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People v. Thompson

Appellate Division of the Supreme Court of New York, Second Department
May 18, 1923
205 App. Div. 581 (N.Y. App. Div. 1923)


May 18, 1923.

Philip A. Brennan in person [ Frederick S. Lyke with him on the brief], for the appellant.

As the question of appealability is not raised, we have decided to entertain the appeal in this case without deciding, however, that such an appeal will lie.

The defendant was, on March 3, 1923, indicted for the crime of manslaughter in the first degree. She retained the appellant to defend her and after a trial lasting five days the jury failed to agree and they were discharged. The appellant was not paid for his services, and as a result a misunderstanding arose and the appellant declined to continue to act as her counsel. Some time later a retrial of the indictment was moved and the defendant not having engaged other counsel and being without counsel to represent her, the learned justice presiding assigned the appellant and directed him to act for her, and from that order this appeal is taken.

Where a person charged with crime is unable to procure counsel, it is the duty of the court before whom he is brought to assign counsel (Code Crim. Proc. § 308), and it is likewise the duty of the attorney assigned to undertake the defense of the person accused without compensation. We believe it to be the duty of the court in such a case to select counsel fit and competent to undertake the task assigned to him, but in doing this the court ought to have in mind that the same relation of trust and confidence exists between the accused and the counsel as is expected between an accused and counsel acting under a retainer.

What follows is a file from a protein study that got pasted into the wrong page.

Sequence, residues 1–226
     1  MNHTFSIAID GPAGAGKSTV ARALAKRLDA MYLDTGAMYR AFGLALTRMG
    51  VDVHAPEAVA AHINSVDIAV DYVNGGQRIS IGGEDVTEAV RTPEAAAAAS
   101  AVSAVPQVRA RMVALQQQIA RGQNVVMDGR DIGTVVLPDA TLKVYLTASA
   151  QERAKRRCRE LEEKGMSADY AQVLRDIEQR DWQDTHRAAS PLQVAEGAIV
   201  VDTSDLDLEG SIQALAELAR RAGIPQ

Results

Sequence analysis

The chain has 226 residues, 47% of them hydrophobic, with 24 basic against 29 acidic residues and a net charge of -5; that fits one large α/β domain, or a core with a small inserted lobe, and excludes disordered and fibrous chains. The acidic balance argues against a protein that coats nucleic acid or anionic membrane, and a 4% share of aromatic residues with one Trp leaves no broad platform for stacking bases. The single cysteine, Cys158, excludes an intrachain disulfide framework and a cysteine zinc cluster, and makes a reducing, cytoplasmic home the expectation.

It is the duty of counsel to comply with orders designating him to act for unfortunates whenever his previously arranged professional engagements will permit, but there are exceptions to this rule, and the present appeal presents one.

It seems that a promise made in behalf of the accused to pay appellant for his services upon the former trial has not been kept. The appellant contends that this is not because of inability on the part of the promisor to pay the agreed compensation. It appears that he has spent more than fifty days on behalf of defendant in various matters. He complains of her lack of co-operation in procuring minutes of the former trial and of her ingratitude for what he has already done in her behalf. There is discord between defendant and the appellant, he is out of sympathy with her defense, and claims that he could not in good conscience undertake to defend her.

Under the circumstances we are of the opinion that the assignment of appellant to represent the defendant and act for her on the trial was not well advised.

The order should, therefore, be reversed.


Order reversed upon the law and the facts, without costs.

Summaries of

People v. Thompson

Appellate Division of the Supreme Court of New York, Second Department
May 18, 1923
205 App. Div. 581 (N.Y. App. Div. 1923)
Case details for

People v. Thompson

Case Details


Court:Appellate Division of the Supreme Court of New York, Second Department

Date published: May 18, 1923


205 App. Div. 581 (N.Y. App. Div. 1923)
199 N.Y.S. 868

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